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Society & Culture

Iran’s Alcoholics: Anonymous, Neglected & Stigmatized

August 14, 2014
Marjan Namazi
5 min read
Iran’s Alcoholics: Anonymous, Neglected & Stigmatized

Islam forbids the drinking of alcohol and Iran has very tough laws against buying, selling and consumption of it. But instead of ensuring that alcohol is completely absent from Iranian society, and that Iranians are free from the problems that come from alcohol abuse, these laws have made the situation worse, driving the alcohol trade underground and branding alcohol addiction as a taboo subject. 

Iran has one of the most serious alcohol problems in the world. Although it ranks number 166 in alcohol consumption per capita, when looking at figures for people who drink 35 liters or more alcohol over the course of a year, the country comes in at 19th in the world. In other words, the number of alcoholics per capita puts Iran ahead of Russia (ranked 30), Germany (83), Britain (95), the United States (104) and Saudi Arabia (184).

The Islamic Republic is for the most part in denial. The government refuses to acknowledge or address the problem. Though figures suggest that alcoholism has been a problem in Iran for decades, the Ministry of Health only recently granted a permit to a clinic that deals with alcohol-related issues. The center, based at Tehran’s Medical School, offers counseling for individuals, groups or families dealing with alcohol-related problems. Health Ministry officials have yet to say whether it will provide a detox unit or limit itself to the rehabilitation of people who have already begun to tackle their addiction. Whatever its focus, the benefits of such a center will be minimal: it will only be open one day a week and will not employ medical workers or physicians to work on site.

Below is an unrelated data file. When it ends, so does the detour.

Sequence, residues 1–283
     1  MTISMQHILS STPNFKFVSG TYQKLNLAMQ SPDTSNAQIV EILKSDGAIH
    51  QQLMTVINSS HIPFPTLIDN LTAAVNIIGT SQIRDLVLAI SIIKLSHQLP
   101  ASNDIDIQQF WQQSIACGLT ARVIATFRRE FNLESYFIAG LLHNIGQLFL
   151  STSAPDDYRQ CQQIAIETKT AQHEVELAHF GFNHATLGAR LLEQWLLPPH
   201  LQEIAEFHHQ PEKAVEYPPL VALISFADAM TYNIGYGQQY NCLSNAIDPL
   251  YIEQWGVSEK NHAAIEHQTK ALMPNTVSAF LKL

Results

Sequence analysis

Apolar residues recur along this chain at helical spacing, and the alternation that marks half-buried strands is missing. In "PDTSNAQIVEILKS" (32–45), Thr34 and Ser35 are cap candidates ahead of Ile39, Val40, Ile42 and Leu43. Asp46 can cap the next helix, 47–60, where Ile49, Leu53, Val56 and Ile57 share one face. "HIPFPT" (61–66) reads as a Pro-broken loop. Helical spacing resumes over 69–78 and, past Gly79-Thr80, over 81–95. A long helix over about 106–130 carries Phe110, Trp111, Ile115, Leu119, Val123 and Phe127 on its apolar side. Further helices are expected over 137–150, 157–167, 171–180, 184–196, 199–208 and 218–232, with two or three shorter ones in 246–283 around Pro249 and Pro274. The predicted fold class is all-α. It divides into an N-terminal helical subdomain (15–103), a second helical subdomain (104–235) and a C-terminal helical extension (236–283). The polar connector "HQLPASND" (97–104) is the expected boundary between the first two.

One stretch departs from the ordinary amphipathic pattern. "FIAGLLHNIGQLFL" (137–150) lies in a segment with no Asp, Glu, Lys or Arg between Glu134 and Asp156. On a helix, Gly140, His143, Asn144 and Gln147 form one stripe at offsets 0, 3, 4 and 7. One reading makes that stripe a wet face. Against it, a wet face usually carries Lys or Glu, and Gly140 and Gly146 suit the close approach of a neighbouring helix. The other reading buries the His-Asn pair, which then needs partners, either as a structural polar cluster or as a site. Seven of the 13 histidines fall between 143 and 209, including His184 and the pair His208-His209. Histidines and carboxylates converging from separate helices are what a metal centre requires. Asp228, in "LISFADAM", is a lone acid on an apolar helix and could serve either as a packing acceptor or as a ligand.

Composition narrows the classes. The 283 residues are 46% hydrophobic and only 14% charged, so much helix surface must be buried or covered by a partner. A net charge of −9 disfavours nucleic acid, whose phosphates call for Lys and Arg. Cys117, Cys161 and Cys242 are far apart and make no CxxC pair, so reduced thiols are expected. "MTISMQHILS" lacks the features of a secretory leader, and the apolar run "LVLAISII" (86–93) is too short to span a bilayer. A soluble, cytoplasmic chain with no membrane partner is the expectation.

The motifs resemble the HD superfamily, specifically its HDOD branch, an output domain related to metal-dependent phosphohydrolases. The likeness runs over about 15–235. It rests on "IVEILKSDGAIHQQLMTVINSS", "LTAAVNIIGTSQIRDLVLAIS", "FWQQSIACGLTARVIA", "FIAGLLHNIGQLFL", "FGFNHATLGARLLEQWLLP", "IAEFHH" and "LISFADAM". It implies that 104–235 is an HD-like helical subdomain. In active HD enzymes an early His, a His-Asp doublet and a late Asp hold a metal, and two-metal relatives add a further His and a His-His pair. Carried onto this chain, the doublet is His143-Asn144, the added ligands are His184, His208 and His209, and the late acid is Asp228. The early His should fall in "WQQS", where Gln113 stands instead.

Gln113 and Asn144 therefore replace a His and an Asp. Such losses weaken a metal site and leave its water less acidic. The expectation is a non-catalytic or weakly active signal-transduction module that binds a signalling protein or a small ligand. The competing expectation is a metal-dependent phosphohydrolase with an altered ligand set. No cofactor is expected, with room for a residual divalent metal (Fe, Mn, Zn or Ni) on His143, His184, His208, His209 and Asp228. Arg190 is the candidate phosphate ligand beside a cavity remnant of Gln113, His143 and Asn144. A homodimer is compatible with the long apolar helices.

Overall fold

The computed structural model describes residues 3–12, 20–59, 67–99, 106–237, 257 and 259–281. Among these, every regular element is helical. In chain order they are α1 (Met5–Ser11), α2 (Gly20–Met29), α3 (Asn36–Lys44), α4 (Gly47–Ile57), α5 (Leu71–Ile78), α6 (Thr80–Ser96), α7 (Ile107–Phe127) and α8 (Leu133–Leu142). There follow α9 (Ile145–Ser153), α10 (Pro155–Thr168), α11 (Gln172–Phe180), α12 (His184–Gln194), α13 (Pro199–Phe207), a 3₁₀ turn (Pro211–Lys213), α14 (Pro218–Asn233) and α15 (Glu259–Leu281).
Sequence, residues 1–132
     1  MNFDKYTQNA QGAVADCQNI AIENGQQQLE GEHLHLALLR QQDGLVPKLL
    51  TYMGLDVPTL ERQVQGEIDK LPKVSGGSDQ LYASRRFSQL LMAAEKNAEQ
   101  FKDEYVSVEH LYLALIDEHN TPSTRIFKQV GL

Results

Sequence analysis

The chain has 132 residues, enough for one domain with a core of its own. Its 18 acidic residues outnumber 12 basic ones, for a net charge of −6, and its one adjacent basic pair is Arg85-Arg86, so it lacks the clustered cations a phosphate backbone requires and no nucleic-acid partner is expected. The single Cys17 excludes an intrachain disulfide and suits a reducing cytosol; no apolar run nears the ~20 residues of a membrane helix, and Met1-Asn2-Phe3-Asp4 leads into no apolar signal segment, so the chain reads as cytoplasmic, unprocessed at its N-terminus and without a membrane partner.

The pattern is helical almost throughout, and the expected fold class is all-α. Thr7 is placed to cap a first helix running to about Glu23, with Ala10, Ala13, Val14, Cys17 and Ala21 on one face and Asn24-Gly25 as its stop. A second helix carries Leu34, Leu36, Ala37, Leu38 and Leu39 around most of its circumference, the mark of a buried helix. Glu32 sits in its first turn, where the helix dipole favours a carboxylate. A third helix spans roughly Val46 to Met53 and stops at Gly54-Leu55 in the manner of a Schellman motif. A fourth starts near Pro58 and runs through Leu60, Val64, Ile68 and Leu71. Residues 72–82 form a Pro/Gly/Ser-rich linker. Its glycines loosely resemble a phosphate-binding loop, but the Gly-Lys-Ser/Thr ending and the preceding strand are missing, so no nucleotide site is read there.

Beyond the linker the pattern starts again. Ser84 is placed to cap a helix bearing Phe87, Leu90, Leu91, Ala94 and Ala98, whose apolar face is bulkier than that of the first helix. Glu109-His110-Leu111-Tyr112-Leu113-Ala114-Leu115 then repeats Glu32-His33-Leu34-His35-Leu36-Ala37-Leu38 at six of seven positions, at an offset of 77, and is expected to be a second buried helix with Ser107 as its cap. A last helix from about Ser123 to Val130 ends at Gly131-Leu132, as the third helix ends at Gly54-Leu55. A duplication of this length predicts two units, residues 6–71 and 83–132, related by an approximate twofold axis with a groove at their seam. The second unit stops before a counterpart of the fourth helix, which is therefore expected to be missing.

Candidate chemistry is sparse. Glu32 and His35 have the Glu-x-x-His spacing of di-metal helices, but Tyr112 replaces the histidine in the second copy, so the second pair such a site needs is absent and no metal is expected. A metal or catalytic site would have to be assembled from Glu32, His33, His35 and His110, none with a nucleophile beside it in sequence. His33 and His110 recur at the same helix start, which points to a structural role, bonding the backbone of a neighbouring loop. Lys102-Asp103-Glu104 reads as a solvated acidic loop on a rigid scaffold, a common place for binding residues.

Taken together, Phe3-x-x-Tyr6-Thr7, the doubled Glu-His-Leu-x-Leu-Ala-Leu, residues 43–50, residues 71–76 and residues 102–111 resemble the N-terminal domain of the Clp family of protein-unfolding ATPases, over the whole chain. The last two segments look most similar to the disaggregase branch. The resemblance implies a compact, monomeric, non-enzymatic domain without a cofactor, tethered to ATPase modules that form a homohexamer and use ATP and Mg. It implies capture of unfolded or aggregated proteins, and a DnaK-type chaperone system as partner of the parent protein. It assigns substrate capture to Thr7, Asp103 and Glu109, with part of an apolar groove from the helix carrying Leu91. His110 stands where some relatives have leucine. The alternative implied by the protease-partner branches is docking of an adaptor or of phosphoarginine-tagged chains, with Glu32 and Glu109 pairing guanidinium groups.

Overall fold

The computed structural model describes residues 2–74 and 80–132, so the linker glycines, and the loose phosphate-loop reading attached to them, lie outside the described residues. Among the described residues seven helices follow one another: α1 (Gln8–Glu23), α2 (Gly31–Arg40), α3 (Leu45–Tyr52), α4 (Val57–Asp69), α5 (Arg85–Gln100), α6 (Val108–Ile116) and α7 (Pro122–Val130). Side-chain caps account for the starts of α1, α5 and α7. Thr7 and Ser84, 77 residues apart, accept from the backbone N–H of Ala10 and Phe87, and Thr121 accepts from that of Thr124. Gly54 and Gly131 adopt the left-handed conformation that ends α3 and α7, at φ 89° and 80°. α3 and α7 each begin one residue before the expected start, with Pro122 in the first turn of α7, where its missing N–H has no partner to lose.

The state-run clinic is a new initiative, but Alcoholics Anonymous (AA) has operated in Tehran for a number of years. One former alcoholic, Alireza, regularly attends AA meetings. When I ask him about his alcoholism— he has been “clean” for six years—he says he was “bad tempered, uneasy and dissatisfied.” “Things that make other people happy—money, fame, a job and what have you—cannot satisfy an alcoholic,” he says.

According to Alireza, detoxification is a long process, lasting about three weeks and requiring the supervision of a specialist doctor. In the private sector, there are still very few centers aimed at helping alcoholics give up drinking. “If you are lucky and are friends with a caring doctor, he can come to your home and attend to you,” says Alireza. “Otherwise you have to go through the whole three weeks by yourself and without any help. There are many camps and clinics for drug detox, but there are none for quitting alcohol.” Alireza says that he knows at least three people who have died trying to kick their addiction.

A specialist doctor at Tehran’s Bahman Hospital confirms this. “Unfortunately, everything in Iran has become ideological,” he tells IranWire. This includes medical protocols, which are “not deemed important,” he says. When a person suffering from alcohol addiction stops drinking, “there is a high probability of seizures and heart failure, especially for those who have been alcoholics for a long time.”  Side effects can include severe depression and even hallucinations. “All these symptoms can be treated and controlled by medicine and through the close supervision of a physician”, the specialist says. In his view, Iran should follow U.S. and European models for treating alcoholics, where patients are sent to hospitals or private clinics.